Does it make sense, if someone invest $100k on me and I'd only require $90k, I take $10k and invest it back on some other people?


4

Does it make sense, if someone invest $100k on me and I'd only require $90k, I take $10k and invest it back on some other people?

Investing Business Investment

asked Sep 1 '11 at 18:20
Blank
Pacerier
317 points
Top digital marketing agency for SEO, content marketing, and PR: Demand Roll

3 Answers


19

Your investors would frown on such a practice. They gave you money for X reason and you used it for Y reason. It doesn't matter what Y reason is or how noble the cause, it's still Y reason. Your investors reactions might range from nothing to outright anger to a lawsuit. Best case scenario, 1 in 1000 approves. Less best case scenario, they believe they own a piece of whatever you used the money on. Worst case: they withdraw funding and sue you for everything you spent. And more.

Things would be different after you start making returns on the investment, but by then you'd have spent that $10k on your own project for some reason.

In the end, keep the $10k, it'll be a nice buffer if you really only need $90k. Which I highly doubt. Did you budget in networking costs (that is, attending conventions and relevant social functions to gain new contacts and potential staff, plus gas, travel, and attire to said events)? Does it include the cost of treating your staff to an occasional morale-boosting event after a crunch time? Even if that's just pizza and beer, that can be up to $200 or more for a small group. Do that five times in a year, you've dropped a grand just on food. I doubt you've budgeted for things like that.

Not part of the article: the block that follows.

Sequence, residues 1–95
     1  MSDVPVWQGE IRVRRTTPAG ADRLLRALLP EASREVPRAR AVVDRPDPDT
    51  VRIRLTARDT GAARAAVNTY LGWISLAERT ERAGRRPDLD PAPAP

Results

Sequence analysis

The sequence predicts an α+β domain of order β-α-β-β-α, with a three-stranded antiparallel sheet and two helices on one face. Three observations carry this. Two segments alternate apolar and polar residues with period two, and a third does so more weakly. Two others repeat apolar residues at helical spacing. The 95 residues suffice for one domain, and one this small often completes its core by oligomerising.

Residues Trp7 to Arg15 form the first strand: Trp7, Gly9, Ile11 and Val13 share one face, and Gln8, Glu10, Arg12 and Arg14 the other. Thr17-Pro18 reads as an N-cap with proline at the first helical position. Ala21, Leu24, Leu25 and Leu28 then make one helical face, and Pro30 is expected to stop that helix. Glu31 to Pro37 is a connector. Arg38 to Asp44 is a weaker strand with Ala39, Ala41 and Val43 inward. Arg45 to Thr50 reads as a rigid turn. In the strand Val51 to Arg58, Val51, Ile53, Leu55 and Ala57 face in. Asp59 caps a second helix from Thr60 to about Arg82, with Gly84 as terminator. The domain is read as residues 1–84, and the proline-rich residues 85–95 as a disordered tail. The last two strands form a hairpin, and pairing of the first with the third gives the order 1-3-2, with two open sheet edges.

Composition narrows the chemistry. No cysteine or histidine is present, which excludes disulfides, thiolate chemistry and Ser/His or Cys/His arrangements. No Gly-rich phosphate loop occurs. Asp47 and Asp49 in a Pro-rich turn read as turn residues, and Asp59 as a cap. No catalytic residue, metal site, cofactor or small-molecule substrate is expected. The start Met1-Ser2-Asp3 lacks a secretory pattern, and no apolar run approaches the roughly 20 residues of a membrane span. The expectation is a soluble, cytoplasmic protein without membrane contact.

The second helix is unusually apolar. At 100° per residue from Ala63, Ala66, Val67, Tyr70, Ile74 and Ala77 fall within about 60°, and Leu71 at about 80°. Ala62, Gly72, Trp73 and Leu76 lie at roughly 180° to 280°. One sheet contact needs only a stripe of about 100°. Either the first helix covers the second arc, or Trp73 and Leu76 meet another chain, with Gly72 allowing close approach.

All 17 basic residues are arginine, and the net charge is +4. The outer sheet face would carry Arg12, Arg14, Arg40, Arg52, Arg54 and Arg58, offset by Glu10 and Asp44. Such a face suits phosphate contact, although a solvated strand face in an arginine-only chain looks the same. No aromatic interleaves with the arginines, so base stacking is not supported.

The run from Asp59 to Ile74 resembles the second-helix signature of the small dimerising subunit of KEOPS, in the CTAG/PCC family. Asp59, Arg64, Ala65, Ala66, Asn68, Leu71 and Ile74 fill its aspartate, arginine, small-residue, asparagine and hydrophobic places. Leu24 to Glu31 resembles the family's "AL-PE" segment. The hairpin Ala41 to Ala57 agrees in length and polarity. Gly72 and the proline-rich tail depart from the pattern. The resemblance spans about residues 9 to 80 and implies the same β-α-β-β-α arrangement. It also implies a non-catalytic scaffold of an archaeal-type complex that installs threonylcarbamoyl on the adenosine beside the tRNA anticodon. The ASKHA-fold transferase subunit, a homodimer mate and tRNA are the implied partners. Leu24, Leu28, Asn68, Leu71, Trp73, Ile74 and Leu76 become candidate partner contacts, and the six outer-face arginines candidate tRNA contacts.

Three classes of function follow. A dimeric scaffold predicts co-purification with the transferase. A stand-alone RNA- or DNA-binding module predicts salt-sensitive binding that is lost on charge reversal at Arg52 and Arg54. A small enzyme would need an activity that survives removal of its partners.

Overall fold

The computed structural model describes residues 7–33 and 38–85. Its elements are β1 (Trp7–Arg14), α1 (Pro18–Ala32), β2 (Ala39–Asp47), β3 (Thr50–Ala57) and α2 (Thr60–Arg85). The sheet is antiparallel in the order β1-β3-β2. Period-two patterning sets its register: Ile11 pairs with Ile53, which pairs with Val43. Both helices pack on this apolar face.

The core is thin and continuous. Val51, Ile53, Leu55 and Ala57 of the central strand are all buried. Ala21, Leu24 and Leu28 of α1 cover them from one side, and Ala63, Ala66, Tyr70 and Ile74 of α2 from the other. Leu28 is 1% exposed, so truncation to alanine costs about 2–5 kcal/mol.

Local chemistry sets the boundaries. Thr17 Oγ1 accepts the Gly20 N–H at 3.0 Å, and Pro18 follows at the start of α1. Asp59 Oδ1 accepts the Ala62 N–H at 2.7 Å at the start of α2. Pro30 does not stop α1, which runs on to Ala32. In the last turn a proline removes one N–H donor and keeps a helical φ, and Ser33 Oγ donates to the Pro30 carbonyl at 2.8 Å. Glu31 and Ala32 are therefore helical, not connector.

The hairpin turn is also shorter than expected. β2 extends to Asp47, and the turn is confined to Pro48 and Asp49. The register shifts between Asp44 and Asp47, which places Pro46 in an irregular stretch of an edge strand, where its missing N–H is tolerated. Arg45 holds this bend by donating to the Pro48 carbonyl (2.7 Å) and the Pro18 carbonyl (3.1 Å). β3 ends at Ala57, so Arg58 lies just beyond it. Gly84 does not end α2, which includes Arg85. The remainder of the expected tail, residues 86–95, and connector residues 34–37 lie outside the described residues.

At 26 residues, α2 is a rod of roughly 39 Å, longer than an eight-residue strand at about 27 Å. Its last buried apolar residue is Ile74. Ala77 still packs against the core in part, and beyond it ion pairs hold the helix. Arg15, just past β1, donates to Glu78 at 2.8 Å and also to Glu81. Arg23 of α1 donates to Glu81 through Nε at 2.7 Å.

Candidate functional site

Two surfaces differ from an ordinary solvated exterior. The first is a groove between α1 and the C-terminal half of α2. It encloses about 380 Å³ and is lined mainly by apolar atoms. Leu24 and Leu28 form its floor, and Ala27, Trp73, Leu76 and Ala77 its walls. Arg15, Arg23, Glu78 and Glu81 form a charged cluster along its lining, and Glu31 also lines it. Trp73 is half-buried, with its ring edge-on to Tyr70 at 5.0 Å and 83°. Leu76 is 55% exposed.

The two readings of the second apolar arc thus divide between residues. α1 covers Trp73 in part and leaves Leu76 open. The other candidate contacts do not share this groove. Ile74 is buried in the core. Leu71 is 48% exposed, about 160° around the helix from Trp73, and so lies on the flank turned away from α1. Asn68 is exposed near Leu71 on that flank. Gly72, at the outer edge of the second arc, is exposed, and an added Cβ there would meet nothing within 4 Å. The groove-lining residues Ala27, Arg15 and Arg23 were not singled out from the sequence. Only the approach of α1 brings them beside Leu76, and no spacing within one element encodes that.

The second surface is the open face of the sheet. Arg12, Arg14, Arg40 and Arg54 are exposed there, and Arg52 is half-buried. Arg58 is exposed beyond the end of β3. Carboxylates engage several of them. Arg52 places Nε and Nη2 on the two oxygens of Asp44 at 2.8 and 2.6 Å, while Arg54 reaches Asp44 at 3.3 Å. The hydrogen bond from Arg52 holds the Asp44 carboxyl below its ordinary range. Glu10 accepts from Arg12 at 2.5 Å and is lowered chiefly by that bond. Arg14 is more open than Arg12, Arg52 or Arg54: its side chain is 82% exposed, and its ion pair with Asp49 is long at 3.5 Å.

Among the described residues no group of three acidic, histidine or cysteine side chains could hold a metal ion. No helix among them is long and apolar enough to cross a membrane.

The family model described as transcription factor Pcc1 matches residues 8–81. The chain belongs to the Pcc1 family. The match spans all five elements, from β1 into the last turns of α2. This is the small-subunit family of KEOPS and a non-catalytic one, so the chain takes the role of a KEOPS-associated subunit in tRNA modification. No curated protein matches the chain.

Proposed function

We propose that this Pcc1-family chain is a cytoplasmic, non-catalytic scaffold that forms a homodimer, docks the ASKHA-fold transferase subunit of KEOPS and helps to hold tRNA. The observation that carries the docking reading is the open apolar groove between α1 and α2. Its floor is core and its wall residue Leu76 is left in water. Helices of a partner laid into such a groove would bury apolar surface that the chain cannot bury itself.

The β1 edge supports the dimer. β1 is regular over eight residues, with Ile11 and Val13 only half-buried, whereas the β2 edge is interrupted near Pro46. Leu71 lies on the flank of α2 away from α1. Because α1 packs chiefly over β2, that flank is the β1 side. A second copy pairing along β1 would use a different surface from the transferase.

Don't cut yourself off at the knees just because you know people who could use the money.

answered Sep 1 '11 at 19:02
Blank
Sold Out Activist
414 points

8

No absolutely not! Don't do it. Your investors have invested in you and your business. The money is not yours, it belongs to your business and that is what it should be used for. If they wanted to invest in someone else, they would have done it directly.

When your business is running well and you are able to take some money out, go for it - with your own money.

answered Sep 1 '11 at 20:11
Blank
Susan Jones
4,128 points
  • +1 "the money is not yours" – Joseph Barisonzi 8 years ago
  • I agree +1. I should have been most explicit on that point in my answer. – Sold Out Activist 8 years ago

3

This would be a highly undesirable behavior.

Your investors are providing money for you/your idea to build a company and get it off the ground. As part of this investment they have an ownership stake (presumably) in your corporation. Having that corporation then invest in yet another corporation will make the accounting rather cumbersome, to say the least.

Also, it's highly unlikely that you are going to know for sure this soon in advance exactly how much money you will need. Almost everyone ends up needing more money and/or has to cut some features and ideas from the initial product to fit the development into the allotted budget.

There is also the matter that many times investors take some kind of a participatory role in the high-level management of the companies they fund, or they mentor, guide, and consult with the founder(s) of those companies. It would be difficult for you to build your own company, plus manage all the moving pieces associated with investing in yet another.

So, while it is admirable that you would like to help another startup, you should concentrate on building your own empire first and save your VC desires for when you are ready to fully commit your time and resources properly.

Good luck with your business.

answered Sep 1 '11 at 20:08
Blank
Brian Karas
3,407 points

Your Answer

  • Bold
  • Italic
  • • Bullets
  • 1. Numbers
  • Quote
Not the answer you're looking for? Ask your own question or browse other questions in these topics:

Investing Business Investment